Google's project to aid China monitoring its citizens needs explaining: Varney
I found this very hard to believe: A giant company, whose code of conduct used to be "Don't be evil,” is now working on a censorship and surveillance project for the Chinese government.
The communist Chinese government. The company is Google. Once the darling of technology. Now helping to create China's version of Big Brother. I'll explain.
It’s called Project Dragonfly. It’s a search engine designed especially for China. It would allow the authorities there to exercise strong censorship power. If, for example, someone searched for "human rights" or "protests,” the authorities would be alerted and no search results would be shown.
That’s exactly what the government wants: Control what people are allowed to know, and identify "troublemakers." Privacy? Forget about it. Google is complicit in the denial of freedom to over a billion people.
But there's more, and it’s even more troubling. Parts of Dragonfly would be physically in China, and therefore subject to Chinese law. That means the authorities could track individuals through their cell phones. They would know their exact location, and their history. Rounding up dissidents has never been easier. And Google is helping.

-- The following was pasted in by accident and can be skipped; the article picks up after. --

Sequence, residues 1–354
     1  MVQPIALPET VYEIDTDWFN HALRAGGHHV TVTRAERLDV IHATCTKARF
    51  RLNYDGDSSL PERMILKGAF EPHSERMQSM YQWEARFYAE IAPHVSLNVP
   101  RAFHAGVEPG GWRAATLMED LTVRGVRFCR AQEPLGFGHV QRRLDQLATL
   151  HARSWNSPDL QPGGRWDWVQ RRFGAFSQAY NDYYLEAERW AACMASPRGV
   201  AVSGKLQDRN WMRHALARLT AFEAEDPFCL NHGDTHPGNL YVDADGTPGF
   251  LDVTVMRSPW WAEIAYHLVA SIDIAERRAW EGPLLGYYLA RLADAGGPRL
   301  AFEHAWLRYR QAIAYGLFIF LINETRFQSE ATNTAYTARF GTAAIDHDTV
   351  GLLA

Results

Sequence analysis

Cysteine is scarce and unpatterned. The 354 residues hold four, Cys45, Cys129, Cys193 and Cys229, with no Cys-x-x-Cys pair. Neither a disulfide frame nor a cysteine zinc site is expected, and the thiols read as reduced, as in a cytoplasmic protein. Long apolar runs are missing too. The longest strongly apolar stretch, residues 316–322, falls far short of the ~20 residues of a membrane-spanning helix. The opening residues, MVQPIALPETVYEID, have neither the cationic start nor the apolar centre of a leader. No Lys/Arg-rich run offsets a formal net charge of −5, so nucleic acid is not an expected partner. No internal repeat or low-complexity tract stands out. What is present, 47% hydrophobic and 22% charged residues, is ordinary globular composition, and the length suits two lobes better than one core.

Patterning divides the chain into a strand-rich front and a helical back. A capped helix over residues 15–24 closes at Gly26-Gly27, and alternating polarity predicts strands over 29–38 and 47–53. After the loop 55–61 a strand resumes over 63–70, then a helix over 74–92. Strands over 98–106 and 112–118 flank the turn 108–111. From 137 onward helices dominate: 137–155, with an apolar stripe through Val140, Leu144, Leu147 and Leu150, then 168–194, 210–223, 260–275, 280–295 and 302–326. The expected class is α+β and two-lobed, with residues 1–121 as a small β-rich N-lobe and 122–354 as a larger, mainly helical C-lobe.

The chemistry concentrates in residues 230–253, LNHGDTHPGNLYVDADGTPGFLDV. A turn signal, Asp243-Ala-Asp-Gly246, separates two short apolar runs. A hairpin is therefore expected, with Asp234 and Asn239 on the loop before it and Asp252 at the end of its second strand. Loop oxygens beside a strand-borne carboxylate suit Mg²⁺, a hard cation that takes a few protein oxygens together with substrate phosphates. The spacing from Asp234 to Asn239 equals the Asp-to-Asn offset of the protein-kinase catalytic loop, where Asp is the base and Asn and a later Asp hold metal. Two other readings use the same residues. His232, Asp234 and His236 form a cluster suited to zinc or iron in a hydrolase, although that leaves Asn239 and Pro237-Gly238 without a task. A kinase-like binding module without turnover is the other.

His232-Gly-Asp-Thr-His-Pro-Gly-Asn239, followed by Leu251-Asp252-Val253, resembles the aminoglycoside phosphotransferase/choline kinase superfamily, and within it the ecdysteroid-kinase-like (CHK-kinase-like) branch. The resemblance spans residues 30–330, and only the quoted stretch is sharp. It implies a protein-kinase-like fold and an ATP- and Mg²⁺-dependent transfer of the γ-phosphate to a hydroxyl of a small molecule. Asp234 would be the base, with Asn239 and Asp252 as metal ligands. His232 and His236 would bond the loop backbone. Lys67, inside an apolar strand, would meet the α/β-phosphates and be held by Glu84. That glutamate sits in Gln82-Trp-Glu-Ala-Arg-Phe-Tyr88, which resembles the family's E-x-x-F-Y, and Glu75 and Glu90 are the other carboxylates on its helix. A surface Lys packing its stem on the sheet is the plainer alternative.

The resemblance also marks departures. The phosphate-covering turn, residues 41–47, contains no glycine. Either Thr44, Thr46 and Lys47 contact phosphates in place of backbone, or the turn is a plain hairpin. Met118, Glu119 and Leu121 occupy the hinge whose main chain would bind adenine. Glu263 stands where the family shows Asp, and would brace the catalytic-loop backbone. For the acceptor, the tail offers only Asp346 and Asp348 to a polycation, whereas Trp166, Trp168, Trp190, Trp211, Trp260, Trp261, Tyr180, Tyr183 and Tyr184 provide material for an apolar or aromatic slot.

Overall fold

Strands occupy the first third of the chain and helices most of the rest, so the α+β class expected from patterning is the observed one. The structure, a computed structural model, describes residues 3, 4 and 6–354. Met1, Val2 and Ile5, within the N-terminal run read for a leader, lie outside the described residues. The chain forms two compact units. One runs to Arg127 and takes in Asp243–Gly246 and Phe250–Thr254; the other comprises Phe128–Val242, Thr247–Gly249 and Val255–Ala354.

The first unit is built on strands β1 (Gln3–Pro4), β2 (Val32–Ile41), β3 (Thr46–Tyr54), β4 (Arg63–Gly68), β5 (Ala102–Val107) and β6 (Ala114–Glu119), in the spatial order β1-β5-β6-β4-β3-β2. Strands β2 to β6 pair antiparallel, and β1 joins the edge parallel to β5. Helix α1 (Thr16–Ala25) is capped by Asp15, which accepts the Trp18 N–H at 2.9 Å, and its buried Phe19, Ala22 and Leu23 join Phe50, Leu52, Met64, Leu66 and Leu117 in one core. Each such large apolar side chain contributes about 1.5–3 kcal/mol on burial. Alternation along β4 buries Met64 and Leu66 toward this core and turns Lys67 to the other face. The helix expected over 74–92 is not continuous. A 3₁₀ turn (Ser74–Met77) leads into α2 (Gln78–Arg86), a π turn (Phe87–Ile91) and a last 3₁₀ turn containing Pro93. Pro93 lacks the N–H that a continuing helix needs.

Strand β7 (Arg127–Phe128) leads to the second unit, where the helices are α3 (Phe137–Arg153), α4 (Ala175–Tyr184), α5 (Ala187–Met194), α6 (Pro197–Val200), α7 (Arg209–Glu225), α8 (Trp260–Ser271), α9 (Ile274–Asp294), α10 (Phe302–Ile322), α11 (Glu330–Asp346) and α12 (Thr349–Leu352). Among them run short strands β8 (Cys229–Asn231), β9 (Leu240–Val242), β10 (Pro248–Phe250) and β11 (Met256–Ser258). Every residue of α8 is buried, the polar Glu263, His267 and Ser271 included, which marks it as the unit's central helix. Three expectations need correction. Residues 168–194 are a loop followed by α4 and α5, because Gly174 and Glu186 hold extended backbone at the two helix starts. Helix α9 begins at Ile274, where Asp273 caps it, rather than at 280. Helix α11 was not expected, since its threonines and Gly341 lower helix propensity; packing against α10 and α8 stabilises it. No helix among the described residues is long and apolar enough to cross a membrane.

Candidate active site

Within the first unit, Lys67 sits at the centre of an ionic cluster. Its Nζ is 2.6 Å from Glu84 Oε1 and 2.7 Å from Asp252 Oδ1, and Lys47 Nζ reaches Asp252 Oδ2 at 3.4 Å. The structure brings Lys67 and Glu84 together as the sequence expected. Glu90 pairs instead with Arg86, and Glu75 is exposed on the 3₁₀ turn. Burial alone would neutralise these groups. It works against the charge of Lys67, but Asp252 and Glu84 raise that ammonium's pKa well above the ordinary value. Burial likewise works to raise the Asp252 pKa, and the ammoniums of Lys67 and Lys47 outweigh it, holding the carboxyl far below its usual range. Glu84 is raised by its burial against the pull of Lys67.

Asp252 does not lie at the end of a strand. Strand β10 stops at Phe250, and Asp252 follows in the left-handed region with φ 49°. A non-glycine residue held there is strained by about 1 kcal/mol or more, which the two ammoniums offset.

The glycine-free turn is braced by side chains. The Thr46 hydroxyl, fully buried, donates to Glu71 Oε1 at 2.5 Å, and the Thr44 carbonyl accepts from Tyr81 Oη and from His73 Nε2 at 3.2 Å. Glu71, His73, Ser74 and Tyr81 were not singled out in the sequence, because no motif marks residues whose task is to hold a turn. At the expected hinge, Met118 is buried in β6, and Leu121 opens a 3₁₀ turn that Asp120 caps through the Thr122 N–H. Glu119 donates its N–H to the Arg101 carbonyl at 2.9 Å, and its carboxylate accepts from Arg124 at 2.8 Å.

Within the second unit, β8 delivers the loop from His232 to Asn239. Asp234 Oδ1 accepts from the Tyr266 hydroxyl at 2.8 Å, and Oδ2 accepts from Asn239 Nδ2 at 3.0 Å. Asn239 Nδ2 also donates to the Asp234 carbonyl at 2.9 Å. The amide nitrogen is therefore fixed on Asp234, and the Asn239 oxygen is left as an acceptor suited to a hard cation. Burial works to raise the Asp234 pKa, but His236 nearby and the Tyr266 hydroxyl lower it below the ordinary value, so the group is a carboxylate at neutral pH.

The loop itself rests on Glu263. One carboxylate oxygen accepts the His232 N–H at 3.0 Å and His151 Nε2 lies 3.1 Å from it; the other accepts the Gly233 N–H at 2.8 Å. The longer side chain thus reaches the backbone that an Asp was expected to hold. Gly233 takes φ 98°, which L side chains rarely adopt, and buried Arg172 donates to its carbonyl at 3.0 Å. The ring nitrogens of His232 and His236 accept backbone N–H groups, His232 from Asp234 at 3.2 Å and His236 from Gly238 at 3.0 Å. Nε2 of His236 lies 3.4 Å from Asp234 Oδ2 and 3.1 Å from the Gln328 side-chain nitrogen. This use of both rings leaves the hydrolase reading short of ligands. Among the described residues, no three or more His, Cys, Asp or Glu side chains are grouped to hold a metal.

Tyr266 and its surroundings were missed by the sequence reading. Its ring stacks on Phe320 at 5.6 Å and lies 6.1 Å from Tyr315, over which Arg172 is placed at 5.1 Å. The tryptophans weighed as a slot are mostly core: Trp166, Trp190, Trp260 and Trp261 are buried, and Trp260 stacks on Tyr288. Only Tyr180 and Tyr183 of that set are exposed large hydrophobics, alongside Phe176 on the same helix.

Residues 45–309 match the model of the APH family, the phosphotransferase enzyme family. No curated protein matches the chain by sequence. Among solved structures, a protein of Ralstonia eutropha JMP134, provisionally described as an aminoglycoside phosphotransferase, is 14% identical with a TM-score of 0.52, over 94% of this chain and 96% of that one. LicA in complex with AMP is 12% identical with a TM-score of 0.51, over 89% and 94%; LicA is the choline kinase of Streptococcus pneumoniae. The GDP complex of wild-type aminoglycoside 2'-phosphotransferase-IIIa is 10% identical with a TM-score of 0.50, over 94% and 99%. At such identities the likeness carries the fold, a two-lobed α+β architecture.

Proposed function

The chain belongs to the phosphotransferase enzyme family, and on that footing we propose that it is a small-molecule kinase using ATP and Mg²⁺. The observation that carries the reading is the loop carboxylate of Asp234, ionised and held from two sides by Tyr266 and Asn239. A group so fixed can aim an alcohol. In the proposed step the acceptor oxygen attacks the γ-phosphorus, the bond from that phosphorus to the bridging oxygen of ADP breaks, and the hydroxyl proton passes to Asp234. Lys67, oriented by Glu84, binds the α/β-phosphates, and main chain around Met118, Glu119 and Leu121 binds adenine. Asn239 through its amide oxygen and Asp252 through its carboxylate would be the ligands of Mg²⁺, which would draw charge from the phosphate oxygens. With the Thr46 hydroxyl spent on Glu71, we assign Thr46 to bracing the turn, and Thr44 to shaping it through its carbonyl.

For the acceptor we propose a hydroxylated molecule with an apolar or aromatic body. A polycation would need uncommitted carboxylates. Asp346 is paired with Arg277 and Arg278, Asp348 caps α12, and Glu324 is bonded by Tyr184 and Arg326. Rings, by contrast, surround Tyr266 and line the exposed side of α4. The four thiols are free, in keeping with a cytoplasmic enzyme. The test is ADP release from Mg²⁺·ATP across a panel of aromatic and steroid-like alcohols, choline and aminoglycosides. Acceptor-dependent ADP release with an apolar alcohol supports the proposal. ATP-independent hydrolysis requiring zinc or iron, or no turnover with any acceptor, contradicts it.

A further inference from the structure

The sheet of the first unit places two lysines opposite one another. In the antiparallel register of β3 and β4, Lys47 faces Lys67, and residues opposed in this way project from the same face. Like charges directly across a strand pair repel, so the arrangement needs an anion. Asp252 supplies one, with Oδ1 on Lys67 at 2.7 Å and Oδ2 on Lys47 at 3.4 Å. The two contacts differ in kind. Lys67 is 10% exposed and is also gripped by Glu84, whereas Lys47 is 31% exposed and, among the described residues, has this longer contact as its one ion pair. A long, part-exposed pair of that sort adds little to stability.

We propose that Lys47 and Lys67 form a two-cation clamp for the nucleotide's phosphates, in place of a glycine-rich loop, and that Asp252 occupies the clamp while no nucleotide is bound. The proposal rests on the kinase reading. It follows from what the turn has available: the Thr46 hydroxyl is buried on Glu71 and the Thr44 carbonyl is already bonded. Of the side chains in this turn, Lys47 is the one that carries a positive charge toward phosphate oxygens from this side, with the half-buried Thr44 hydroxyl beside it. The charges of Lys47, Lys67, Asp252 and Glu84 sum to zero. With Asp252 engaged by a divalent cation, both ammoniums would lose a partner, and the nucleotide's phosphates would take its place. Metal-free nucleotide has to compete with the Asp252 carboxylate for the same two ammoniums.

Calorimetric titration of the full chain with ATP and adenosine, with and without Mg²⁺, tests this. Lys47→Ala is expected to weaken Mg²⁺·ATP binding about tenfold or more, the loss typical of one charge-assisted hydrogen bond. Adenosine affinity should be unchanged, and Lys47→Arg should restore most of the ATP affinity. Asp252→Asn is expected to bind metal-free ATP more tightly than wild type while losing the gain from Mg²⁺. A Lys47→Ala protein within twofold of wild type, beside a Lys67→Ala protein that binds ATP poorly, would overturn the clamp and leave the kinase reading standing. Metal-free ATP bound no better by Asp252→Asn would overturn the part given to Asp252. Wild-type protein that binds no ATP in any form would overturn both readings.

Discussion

I am trying to think why they are doing this. Money maybe? China is a pot of gold to Google. The need to get into a market of 1.2 billion people? I can understand that. But selling your soul to communist dictators remains unsavory at best. Now there is a movement within Google to stop Dragonfly and walk away from it.
I hope it succeeds.
Sundar Pichai, Google’s CEO, goes to the White House today. And next week he'll be questioned by Congress. I hope he gets some tough questions. I hope he decides to back away from Dragonfly.
But if the jovial, "Don't be evil" Google guys go through with this, they will confirm my suspicion that they are the modern-day version of George Orwell’s Big Brother. And that is evil!